Self-Reliance by Living in Community

2 comments
Self-Reliance

My thoughts on self-reliance are based on the idea of living in community with others as a necessary precondition to becoming self-reliant.  This is a counter-intuitive notion, yes, but I am not alone in my thinking.  It’s more likely the case that our thinking on self-reliance has been framed by the individualistic culture of US society and as such we have some cognitive hurdles to jump as we think about becoming self-reliant within a community context.

Matthew B. Crawford is one of my favorite authors, speakers, and modern day philosophers. I was taught to only read the works of dead philosophers, not living ones, so in this case Crawford is an anomaly for me.  I read his books, I enjoy them, and the man is still living.  However, it is unfortunate that Crawford’s work is not more readily accessible to the masses, as Mr. Crawford’s writing is challenging to read for those with little background in philosophy.

In his book, The World Beyond Your Head: On Becoming an Individual in an Age of Distraction, Crawford presents a solid argument that individuality, [i.e., self-reliance and self-agency], is developed not in individual solitude but rather while living and working in community with other people. Incidentally, in this way, Crawford’s argument is also congruent with research in resilience science and studies, in that people do not overcome life challenges through sheer individual grit, but rather by being networked well into community.

Ultimately, the question is this, do we create the world in our minds as we live our lives, making representations of various objects as we would like them to be?  Or, is it the case that we live in an objective world that has a solid reality that exists outside of ourselves?

Crawford suggests that our world is objective, tangible, and real.  I agree with him.  In this manner, it is only in a real, tangible community where we bump up against those who have gone before us and those in our community where we are able to work out our individuality, who we are, and become self-reliance as we interact with the objective world.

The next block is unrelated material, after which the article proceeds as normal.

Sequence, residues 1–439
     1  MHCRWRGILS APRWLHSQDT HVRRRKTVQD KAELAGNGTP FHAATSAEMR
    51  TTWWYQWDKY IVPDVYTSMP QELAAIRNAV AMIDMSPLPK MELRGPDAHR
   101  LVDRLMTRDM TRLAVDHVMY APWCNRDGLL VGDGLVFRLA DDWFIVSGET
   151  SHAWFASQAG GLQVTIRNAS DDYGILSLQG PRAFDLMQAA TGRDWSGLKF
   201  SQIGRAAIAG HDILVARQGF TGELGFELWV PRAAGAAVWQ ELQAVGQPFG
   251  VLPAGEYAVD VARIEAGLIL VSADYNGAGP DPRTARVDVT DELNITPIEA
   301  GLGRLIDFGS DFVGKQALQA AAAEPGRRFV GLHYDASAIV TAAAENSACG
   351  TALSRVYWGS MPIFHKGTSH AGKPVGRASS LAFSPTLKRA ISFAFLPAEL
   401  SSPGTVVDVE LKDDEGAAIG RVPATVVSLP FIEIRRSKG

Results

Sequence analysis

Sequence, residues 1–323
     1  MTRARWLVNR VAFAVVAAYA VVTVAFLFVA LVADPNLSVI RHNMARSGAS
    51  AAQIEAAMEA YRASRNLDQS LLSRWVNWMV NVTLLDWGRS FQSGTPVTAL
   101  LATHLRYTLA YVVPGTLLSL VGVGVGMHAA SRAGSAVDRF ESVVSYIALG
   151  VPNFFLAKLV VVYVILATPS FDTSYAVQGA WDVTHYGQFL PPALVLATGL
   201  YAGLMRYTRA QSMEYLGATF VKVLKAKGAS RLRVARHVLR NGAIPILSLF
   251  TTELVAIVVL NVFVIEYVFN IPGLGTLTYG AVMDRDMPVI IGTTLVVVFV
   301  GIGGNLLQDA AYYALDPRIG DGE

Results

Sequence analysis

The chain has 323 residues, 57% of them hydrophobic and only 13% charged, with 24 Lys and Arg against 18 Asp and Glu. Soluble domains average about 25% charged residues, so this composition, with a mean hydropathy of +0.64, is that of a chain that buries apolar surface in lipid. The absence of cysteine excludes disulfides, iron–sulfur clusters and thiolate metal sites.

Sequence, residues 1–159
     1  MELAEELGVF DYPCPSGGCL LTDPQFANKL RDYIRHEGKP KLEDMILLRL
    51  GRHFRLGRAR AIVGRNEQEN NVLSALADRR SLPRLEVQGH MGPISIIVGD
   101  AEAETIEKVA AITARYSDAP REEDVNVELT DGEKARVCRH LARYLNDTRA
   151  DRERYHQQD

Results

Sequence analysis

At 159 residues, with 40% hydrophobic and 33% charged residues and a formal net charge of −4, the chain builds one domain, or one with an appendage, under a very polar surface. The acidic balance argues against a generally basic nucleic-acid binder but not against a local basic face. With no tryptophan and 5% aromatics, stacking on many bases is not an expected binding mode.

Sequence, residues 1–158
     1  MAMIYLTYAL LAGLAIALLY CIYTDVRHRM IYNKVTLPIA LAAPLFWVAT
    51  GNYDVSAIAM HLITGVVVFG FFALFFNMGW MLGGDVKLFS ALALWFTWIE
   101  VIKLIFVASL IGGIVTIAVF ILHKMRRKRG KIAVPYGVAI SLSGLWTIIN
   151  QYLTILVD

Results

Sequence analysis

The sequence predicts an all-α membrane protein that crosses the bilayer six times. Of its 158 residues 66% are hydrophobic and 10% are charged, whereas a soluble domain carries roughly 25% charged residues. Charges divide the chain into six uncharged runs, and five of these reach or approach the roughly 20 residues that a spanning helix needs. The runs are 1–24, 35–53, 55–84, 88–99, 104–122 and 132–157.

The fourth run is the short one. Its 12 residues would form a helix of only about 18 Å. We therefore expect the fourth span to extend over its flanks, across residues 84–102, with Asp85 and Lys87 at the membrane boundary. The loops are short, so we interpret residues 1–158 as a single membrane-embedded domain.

Let me provide some context.  I have mentioned that I am a retired firefighter.  During my career in firefighting, I worked and lived within a community of other firefighters.  There is a long tradition of firefighting which comes 300 years before my time.  Historical firefighters were able to develop firefighting principles which are still in practice today.  I have learned my craft of firefighting, I have become a self-reliant firefighter, only by working, experiencing, and making mistakes within this community of firefighters.  Were I dropped into a fire station all by myself without a community of firefighters around me, without the historical principles of firefighting behind me, and I tried to figure out firefighting on my own, it would be almost impossible.

But this is the mainline, John Wayne, individual grit and determination cultural milieu which surrounds us and our thoughts on self-reliance.

My counter-intuitive stance on self-reliance, then, is that it’s not found in individual solitude, but exactly the opposite- in social ecologies.  It is in social ecologies- a community of people connected to the local environments- where we live and move and find our being.